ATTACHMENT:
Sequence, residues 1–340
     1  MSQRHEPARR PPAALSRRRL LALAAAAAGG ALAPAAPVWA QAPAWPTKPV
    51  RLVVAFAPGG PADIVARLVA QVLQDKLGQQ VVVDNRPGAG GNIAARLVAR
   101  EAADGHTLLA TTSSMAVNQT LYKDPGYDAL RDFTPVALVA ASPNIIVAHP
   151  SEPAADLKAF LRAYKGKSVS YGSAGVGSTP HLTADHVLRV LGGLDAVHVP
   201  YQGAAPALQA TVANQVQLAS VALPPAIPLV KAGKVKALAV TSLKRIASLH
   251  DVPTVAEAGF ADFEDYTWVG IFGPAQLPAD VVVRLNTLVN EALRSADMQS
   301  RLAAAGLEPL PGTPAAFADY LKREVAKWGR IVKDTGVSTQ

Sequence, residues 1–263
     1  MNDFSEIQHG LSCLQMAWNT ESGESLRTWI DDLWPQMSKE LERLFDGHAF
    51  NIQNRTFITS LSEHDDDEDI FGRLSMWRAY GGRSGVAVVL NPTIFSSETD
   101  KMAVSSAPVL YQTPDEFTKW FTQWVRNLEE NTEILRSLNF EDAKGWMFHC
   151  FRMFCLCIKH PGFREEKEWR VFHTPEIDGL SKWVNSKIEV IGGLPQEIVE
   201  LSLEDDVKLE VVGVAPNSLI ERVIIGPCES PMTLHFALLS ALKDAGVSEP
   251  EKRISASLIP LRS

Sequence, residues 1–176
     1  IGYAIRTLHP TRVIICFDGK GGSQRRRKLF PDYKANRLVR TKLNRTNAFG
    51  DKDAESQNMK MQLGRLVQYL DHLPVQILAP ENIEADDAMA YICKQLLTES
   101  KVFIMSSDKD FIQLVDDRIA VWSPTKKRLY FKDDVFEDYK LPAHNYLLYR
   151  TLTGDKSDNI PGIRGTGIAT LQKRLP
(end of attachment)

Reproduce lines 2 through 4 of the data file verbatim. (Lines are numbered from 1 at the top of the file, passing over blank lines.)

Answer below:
     1  MSQRHEPARR PPAALSRRRL LALAAAAAGG ALAPAAPVWA QAPAWPTKPV
    51  RLVVAFAPGG PADIVARLVA QVLQDKLGQQ VVVDNRPGAG GNIAARLVAR
   101  EAADGHTLLA TTSSMAVNQT LYKDPGYDAL RDFTPVALVA ASPNIIVAHP